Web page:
Andrea Ochoa is a paralegal with NIJC’s Asylum Project. Prior to NIJC, Andrea worked as Chicago's outreach coordinator for Mil Mujeres Legal Services and also as a policy associate at the Latino Policy Forum. Andrea has over five years of experience working in local, national, and international organizations, including the Office of Congresswoman Debbie Wasserman Schultz and The World Bank. Andrea received her B.A. in government and politics from the University of Maryland, College Park, and is working towards her J.D. at DePaul University College of Law.
Kathleen O’Donovan is NIJC's litigation project coordinator. Previously, she was a paralegal for NIJC’s Immigrant Children’s Protection Project. Prior to joining NIJC, Kathleen was the manager for the Deferred Action for Childhood Arrivals Program at HACES in Waukegan, IL. She also worked at the Illinois Coalition for Immigrant and Refugee Rights as an AmeriCorp fellow where she mobilized volunteers, created ESL curriculum, and coordinated citizenship workshops. Kathleen received her B.A. from Kalamazoo College in anthropology, sociology, and Spanish. While in school Kathleen had the opportunity to study in Ecuador.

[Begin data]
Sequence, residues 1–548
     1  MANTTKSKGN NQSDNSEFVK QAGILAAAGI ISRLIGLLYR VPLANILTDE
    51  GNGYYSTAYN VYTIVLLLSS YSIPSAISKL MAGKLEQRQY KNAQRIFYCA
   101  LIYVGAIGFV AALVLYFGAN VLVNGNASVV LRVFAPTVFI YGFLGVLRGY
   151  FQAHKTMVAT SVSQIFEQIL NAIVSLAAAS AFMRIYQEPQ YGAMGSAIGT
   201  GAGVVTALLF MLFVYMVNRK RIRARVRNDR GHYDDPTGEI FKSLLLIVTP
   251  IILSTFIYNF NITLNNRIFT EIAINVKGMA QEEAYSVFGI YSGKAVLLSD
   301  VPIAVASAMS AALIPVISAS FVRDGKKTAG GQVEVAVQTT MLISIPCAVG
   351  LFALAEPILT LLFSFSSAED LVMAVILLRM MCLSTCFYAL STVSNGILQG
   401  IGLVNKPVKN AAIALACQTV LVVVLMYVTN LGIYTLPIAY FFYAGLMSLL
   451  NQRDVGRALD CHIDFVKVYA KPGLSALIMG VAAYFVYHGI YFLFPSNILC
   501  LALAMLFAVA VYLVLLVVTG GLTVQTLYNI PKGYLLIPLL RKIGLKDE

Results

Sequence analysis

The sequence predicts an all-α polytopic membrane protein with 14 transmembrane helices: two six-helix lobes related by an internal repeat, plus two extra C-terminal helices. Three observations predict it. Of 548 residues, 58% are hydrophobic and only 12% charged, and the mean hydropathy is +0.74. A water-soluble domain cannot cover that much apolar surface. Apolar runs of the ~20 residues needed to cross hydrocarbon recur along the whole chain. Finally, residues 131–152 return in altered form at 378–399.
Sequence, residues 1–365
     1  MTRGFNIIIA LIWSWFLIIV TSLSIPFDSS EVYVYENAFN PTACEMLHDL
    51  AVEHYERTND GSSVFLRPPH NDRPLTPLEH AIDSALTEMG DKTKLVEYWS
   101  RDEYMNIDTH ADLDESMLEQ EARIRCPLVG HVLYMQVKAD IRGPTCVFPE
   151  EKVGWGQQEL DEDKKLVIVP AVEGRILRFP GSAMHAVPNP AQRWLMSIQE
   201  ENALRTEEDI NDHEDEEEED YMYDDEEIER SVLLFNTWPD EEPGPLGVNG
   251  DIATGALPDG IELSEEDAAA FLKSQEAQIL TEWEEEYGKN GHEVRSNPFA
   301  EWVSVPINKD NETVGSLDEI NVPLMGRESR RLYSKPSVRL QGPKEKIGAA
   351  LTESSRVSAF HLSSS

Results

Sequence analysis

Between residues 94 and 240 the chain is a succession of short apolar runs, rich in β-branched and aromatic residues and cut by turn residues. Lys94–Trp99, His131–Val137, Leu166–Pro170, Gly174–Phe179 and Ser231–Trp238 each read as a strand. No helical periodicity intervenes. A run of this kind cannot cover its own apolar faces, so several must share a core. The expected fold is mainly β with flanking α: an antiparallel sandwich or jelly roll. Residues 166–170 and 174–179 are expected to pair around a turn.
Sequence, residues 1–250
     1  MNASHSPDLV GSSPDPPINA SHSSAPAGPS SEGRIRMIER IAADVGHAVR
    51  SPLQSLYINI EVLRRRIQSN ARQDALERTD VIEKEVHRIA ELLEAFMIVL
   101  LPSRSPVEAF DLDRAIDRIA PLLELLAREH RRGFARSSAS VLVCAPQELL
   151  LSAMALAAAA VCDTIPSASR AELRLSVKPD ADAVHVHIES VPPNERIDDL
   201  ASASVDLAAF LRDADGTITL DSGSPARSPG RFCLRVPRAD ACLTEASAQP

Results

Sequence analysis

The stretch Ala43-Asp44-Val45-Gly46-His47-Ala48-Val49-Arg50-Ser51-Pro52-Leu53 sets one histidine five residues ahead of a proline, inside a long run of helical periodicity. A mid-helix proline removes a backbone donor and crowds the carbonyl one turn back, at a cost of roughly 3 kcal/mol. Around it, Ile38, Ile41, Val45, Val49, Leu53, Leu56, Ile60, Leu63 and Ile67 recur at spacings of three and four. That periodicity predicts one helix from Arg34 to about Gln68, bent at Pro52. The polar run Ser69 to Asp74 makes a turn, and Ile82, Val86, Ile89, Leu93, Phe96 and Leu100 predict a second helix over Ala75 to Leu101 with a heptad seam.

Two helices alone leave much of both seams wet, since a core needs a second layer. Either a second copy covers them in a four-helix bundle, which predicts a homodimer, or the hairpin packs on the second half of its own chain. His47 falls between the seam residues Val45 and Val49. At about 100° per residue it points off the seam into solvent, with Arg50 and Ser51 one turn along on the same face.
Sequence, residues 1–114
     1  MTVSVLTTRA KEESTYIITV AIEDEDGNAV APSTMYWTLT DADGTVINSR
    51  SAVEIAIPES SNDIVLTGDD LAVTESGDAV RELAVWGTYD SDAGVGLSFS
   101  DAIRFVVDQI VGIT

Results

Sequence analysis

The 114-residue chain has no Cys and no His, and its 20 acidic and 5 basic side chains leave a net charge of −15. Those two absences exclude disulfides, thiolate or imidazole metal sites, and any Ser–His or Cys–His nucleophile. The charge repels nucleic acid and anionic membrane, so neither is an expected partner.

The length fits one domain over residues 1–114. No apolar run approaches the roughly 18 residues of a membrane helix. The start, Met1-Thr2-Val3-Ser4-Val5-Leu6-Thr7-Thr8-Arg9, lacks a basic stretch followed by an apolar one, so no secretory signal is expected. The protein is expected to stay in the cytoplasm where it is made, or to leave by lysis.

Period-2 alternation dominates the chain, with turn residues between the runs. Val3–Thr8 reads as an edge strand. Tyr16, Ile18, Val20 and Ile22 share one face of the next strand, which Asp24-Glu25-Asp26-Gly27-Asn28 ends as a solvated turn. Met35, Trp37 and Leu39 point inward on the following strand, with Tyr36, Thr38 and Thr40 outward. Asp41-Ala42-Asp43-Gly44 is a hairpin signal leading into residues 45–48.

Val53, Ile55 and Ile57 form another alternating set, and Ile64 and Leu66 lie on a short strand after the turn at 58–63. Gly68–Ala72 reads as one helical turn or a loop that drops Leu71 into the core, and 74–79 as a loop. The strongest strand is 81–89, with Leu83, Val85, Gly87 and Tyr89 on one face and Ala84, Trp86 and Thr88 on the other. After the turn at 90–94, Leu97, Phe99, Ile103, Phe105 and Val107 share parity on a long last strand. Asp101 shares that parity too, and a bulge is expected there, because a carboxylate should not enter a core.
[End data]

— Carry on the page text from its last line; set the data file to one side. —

Carolina Ramazzina Van Moorsel is NIJC’s Asylum and Pro Bono Project coordinator. She graduated from Fundação Getúlio Vargas of São Paulo, Brazil with a law degree. Carolina is licensed to practice Law in Brazil, where she has worked in family law, community mediation, and governmental contracting. She earned her LLM from the Law School of the University of Illinois in Champaign Urbana, graduating with high honors. Before joining NIJC, Carolina worked as an advocate with La Línea, a hotline offering assistance to immigrants in the Champaign-Urbana area, and with Champaign County Health Care Consumers, which advances equal access to health care in the area. Carolina speaks French, Portuguese, and Spanish.
Diana Rashid is a Berkeley Public Interest Law Fellow and attorney working with NIJC’s Detention Project. She provides legal representation to detained immigrants in their removal proceedings. Diana holds a B.A. in economics and political science from the University of Illinois at Urbana-Champaign, and obtained her J.D. from the University of California, Berkeley School of Law. While in law school, Diana was part of the International Human Rights Law Clinic and coordinated the Deferred Action for Childhood Arrivals (DACA) Legal Services Program for undocumented students at UC Berkeley. Prior to starting law school, she was a community organizer with the East Bay Alliance for a Sustainable Economy in Oakland. Diana is licensed to practice law in the state of Illinois.
Jackie Reidelberger is a BIA-Accredited representative for the Immigrant Legal Defense Project and LGBT Immigrant Rights Initiative. Before joining NIJC, Jackie spent time in northern Mexico and Guatemala, where she studied economic development and social justice issues relating to immigration. Jackie graduated from DePaul University with a bachelor of arts in religious studies in 2007.